Bright nights in shining airglow

Have you ever had one of those nights: you're stranded in the hinterlands, miles away from any source of artificial light, there's no moon, no aurora, yet suddenly you realize that it's bright enough to read a map and you seem to have no problem navigating the corn maze?

Surprisingly, you're not alone. Throughout history, there have been accounts of nights, without moonlight and without aurora and without electricity and without fire, where people noticed, "hey, I can see stuff!" These kinds of nights have cleverly been termed, bright nights.

The authors of an article accepted in Geophysical Research Letters think that satellite observations can explain this bright night phenomenon. Turns out it's all due to waves of airglow.

Airglow: the same atoms and molecules that glow in the aurora during magnetic storms, are essentially always glowing at low levels, just too faint for us mere mortals to see from the ground. Photo from  NASA .

Airglow: the same atoms and molecules that glow in the aurora during magnetic storms, are essentially always glowing at low levels, just too faint for us mere mortals to see from the ground. Photo from NASA.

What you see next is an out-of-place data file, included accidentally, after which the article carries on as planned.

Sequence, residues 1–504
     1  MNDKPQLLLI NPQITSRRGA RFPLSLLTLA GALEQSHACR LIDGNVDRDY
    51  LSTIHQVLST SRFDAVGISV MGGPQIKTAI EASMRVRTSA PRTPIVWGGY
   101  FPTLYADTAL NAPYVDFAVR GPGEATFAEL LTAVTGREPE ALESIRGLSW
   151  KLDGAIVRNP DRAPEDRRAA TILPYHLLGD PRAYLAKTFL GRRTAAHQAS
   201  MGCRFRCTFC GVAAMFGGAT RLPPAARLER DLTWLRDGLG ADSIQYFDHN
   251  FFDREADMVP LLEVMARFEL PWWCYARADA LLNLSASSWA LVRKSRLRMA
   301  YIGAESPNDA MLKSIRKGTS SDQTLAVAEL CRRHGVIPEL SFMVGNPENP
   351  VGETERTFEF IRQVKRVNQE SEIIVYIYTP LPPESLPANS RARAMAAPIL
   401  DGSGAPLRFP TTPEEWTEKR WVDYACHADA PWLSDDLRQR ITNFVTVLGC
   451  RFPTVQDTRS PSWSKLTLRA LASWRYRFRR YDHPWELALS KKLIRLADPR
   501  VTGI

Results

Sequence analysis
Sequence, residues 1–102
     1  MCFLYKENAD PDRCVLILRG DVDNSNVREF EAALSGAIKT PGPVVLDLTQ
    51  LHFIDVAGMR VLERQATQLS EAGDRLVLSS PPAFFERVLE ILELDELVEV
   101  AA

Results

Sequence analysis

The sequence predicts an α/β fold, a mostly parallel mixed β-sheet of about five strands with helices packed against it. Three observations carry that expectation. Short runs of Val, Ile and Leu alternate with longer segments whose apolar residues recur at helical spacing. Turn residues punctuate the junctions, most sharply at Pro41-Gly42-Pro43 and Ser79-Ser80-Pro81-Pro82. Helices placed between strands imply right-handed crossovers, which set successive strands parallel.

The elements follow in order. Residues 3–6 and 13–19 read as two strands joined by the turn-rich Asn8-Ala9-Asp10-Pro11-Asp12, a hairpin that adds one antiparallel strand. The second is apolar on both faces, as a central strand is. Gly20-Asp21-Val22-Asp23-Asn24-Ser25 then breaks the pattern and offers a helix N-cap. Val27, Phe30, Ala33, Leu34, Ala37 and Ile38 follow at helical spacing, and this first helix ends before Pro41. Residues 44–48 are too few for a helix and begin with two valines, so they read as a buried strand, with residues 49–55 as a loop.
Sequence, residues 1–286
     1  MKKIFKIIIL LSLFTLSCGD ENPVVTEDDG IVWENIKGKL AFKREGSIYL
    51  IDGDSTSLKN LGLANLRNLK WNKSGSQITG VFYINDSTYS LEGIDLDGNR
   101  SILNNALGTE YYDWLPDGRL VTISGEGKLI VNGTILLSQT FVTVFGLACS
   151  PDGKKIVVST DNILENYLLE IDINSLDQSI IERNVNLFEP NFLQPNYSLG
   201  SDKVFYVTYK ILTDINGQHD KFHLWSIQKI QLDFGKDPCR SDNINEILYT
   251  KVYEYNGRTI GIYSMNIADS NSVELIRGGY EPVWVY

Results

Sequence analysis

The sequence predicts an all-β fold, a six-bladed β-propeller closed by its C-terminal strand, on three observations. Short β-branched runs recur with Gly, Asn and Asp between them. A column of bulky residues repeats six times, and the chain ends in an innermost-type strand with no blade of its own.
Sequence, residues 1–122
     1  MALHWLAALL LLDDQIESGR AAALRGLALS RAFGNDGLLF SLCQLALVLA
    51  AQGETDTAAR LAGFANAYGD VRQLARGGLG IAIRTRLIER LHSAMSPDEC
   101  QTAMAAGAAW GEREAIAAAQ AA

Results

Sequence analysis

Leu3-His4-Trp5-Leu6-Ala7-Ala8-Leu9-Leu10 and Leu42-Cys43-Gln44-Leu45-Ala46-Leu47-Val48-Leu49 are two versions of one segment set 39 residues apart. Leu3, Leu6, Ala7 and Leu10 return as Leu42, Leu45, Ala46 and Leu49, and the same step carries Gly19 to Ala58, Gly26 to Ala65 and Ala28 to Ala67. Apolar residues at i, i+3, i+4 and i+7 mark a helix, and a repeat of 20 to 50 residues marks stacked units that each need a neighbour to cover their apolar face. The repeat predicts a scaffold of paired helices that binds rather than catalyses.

The study suggests that, occasionally, multiple waves of airglow will align at a particular location in the upper atmosphere, leading to one extremely bright patch of airglow (perhaps right above your secret hinterland corn maze!). This area of intense airglow could be just barely perceptible by humans going about their night on the surface, who would say something like "huh. I think this night is brighter than usual. I'm going to call it a bright night." And then a Black Eyed Pea would call it a bright, bright night. And then we'd all laugh and laugh and not bump into each other because we can see everything because of airglow.